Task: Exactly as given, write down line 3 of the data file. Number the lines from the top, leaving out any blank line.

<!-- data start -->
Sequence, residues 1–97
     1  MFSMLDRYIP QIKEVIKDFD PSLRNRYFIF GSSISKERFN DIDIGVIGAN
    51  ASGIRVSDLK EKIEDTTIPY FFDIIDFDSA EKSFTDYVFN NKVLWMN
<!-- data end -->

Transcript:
    51  ASGIRVSDLK EKIEDTTIPY FFDIIDFDSA EKSFTDYVFN NKVLWMN